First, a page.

It's 7PM on a torrential, rainy night. The rain is pounding the glistening concrete. I've managed to find a park and frantically run towards the lecture theatre. From the outside the cream coloured doors are firmly secured, and I can't hear a whisper escape through the crevices between the foyer and the entrance. I decide to rigoursly push them open, only to realise that the lecture hall is already full and Justice Kirby has raptured an entire audience of law students. I mentally pray to remain unnoticed. In a disturbingly vibrant green hoodie, I crab-walk to the top of the lecture theatre. (Subtle, right?)
The lecture hall comes to a quiet.
The kind of quiet where you can hear other students removing their face masks.
I can't stress how being 10 metres away from the Great Dissenter feels like an accomplishment.
His opening address stresses the importance of being a joiner. He stresses that part of the profession involves a principle of construction that prima facie (on the face of it) you read a Statute so that it is not taking away the rights of citizens and other people. That is a lever that can sometimes allow you to raise questions and urge upon Courts a construction that will not be unfair and unjust. This is the difference between a good barrister, and a great barrister. He speaks highly of John Baston who was a Professor at the University of Adelaide and later a professor at the University of UNSW, he was a joiner, and he was in many of the advocacy organisations. and it was announced that he is retiring from his profession.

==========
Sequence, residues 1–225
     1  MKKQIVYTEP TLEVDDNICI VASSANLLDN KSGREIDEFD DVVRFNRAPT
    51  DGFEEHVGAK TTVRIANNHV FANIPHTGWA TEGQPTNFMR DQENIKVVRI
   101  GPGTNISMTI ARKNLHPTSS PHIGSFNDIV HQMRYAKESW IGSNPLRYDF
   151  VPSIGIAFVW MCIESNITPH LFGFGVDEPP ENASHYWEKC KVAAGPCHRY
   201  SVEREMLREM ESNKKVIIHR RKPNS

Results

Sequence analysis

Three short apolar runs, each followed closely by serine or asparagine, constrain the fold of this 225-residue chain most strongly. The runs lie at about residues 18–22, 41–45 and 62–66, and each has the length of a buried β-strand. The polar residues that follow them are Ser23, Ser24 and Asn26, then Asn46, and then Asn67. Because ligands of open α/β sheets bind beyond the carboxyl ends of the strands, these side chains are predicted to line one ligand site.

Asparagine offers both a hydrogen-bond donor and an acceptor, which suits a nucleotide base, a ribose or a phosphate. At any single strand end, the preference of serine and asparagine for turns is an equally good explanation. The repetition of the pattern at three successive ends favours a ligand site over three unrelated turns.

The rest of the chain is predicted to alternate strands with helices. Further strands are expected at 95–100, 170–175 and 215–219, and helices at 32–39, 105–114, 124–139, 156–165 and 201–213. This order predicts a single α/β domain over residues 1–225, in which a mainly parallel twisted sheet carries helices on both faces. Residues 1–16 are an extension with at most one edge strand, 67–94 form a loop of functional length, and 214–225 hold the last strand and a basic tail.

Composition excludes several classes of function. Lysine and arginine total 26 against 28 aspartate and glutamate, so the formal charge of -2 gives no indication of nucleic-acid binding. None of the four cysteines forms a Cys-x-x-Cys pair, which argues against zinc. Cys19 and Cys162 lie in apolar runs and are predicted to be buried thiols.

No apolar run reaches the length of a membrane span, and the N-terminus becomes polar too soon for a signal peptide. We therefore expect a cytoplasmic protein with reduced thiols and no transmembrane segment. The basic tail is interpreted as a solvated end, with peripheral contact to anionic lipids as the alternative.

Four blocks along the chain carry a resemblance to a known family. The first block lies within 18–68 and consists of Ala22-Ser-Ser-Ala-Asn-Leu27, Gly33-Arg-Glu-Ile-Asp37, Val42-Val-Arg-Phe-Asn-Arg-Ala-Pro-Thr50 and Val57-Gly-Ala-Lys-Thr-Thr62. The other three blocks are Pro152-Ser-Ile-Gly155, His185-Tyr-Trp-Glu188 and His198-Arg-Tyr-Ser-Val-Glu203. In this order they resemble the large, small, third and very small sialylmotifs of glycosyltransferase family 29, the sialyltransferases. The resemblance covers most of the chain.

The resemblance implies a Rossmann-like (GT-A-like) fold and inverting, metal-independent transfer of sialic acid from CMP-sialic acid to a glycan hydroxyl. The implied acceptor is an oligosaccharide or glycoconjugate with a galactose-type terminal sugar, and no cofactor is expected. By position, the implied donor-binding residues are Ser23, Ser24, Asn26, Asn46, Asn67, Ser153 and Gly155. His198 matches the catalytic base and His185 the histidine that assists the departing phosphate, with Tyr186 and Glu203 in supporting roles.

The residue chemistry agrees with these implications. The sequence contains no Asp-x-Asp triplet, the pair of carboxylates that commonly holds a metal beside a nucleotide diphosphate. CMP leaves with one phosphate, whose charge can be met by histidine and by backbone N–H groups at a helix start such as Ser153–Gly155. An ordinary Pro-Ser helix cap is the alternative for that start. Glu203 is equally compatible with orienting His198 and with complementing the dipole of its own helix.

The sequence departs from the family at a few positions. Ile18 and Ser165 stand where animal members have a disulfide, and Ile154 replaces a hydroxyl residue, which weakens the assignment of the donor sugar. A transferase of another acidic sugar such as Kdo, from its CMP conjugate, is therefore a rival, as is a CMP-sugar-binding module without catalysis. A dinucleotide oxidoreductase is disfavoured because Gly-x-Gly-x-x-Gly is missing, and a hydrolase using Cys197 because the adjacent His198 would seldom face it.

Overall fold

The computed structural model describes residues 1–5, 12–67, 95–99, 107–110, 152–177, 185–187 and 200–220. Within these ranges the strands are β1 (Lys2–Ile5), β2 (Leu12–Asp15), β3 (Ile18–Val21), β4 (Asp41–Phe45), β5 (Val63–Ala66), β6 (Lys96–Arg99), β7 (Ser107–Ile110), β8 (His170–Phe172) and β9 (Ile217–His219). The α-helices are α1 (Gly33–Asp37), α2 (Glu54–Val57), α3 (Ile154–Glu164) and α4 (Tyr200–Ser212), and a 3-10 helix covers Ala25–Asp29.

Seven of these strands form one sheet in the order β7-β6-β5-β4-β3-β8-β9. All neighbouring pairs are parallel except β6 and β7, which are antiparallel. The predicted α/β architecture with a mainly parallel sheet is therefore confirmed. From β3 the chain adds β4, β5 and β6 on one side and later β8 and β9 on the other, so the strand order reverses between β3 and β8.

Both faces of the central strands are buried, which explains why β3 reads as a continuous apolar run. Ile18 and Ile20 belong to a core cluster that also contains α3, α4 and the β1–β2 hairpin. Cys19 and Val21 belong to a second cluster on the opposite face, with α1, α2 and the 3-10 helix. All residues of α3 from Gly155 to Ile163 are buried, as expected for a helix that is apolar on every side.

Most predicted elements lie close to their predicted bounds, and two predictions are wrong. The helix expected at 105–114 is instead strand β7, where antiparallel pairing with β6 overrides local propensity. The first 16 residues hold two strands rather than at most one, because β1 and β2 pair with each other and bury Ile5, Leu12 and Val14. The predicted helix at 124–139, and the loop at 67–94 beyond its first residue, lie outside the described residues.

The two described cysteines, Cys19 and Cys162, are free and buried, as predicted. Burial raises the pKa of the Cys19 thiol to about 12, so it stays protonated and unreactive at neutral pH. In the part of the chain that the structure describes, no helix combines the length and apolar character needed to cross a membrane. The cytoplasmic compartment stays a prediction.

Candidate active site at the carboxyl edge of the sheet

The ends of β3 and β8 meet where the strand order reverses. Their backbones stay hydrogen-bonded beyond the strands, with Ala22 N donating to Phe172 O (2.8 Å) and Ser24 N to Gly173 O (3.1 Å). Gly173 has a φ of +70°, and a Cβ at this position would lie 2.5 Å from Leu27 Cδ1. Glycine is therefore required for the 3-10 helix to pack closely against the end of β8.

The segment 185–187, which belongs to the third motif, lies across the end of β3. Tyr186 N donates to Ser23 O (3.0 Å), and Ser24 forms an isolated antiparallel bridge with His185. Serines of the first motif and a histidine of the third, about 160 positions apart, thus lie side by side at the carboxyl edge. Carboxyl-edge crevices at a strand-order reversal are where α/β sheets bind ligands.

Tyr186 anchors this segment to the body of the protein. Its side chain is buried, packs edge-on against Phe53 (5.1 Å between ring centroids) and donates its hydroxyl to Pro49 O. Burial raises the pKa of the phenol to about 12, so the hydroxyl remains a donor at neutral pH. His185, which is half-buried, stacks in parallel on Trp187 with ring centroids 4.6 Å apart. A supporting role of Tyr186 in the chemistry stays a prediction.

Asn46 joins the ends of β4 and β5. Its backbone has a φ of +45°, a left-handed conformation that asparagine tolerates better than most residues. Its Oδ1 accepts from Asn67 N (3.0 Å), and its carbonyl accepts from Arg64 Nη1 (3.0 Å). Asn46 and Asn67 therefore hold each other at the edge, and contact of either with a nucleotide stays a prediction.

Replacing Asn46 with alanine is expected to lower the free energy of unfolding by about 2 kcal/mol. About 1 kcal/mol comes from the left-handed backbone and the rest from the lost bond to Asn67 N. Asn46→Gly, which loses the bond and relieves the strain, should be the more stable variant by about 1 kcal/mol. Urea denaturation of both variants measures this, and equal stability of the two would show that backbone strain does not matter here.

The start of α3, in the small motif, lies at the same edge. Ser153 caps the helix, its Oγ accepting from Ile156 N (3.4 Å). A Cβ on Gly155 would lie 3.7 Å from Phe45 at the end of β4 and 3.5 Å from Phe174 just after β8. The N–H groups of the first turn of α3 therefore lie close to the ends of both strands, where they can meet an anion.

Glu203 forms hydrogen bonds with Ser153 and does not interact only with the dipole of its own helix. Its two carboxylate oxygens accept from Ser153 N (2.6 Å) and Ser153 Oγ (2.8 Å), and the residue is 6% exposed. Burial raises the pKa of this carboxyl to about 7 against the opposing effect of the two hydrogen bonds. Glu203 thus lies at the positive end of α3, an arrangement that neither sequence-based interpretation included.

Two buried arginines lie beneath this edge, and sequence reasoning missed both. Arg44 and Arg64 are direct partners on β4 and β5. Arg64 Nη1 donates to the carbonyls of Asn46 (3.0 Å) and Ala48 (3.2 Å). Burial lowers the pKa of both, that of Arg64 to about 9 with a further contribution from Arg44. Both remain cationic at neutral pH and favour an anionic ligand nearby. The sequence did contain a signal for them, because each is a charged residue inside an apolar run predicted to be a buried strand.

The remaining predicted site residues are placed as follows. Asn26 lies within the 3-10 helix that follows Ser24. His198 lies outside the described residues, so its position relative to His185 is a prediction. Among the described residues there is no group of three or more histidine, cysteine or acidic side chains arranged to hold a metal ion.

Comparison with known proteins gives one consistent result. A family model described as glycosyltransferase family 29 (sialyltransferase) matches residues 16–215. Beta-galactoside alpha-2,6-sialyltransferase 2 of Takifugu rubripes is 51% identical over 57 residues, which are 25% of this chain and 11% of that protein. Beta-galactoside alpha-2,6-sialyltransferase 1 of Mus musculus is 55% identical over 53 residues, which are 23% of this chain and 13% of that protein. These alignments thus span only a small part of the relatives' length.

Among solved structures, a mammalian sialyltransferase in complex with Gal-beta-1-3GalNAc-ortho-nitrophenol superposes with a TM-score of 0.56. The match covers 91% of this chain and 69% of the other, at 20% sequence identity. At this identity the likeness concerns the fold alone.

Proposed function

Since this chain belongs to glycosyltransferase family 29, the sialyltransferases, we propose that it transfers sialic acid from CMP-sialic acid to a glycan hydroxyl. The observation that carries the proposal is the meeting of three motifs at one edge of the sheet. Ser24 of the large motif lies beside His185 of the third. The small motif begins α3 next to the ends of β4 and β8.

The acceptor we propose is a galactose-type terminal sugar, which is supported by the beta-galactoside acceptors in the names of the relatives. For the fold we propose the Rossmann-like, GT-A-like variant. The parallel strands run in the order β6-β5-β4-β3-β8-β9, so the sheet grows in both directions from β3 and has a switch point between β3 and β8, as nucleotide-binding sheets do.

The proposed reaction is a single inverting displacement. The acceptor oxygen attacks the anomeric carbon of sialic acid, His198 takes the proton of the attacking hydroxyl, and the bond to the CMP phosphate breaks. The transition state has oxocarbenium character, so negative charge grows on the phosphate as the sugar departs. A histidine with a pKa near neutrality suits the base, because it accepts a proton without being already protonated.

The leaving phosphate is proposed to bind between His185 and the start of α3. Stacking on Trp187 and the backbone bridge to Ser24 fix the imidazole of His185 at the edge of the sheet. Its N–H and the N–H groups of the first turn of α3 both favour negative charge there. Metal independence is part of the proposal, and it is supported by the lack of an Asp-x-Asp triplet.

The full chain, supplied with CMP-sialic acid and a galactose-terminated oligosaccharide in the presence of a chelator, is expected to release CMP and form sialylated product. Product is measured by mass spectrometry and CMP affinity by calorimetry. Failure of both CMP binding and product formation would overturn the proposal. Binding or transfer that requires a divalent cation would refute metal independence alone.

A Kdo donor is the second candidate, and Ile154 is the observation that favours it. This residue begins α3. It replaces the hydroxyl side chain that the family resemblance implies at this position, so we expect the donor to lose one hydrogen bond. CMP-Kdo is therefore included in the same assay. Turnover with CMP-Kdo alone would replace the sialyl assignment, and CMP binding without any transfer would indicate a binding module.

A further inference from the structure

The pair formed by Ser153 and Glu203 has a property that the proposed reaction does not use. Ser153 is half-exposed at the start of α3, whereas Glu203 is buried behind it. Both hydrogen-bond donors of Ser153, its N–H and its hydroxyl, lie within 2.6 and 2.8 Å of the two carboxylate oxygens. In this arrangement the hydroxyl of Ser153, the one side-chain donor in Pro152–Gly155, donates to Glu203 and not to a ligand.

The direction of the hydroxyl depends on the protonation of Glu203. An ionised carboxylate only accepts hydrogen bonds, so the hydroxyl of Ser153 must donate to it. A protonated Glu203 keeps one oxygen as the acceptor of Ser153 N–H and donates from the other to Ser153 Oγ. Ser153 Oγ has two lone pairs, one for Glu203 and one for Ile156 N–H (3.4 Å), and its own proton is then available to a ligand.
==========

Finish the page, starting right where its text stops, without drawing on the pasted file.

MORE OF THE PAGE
A matter of great disappointment today is that a lot of students are not very interested in these things.
Justice Kirby goes on to lament that yes, you must make a certain amount of money, however he stresses that it's the pursuit of justice that makes our profession noble.
Sometimes it's easy to forget why we started, that the true pursuit of law is to fight for the rights of others and those that don't have a voice.
During Kirby J's discussion a student found their voice and asked the great dissenter how he felt about some of his judgements and especially those that were overturned or where he was outnumbered. This opened up an opportunity for Justice Kirby to reference the famous case of Al-Kateb v Godwin. He stated "I’m not obsessed about it because I dealt with it and I moved on. There are other things to do in life besides the Judicial."
During my first year of law, working in a Judicial capacity was often touted as an incredible achievement, if not the greatest achievement. But after a few lectures on Civil and Criminal Procedure, and Jurisprudence it's become easier to identify more pressing legal issues outside of the Judiciary. Another student raised the issue of the Judiciary typically being "stale, pale and male." To which Kirby replied that he doesn't agree with the Judiciary selecting their successors because it creates a ‘chaps like us’ mentality.
The Courts should reflect in a general way the Courts that they serve. What can we do to make sure that the judiciary of the future reflects our society, and that they are members of the bench. What can be done is that academics can make a fuss and raise issues at conferences and organise conferences in harmony with civil society organisations.
A young man in the front row, asked Justice Kirby if he ever saw someone with disabilities being able to sit on the bench one day. To which, he replied-
'People with disabilities have made very successful careers as advocates and as solicitors. Not that I can think of in the Judiciary. Until I had come along there had been no openly gay person in the Judiciary, to which he thanks his partner for support. The great dissenter clo of his greatest acquiesces, that everybody should have, (if it’s possible, it’s not always possible) a partner who has their feet on the ground and tells them where to get off.'
It felt heartwarming to end the lecture on that note, reminding ourselves the importance of getting involved, having a strong support system and acknowledging that there are a lot of ways to make a difference as a law student.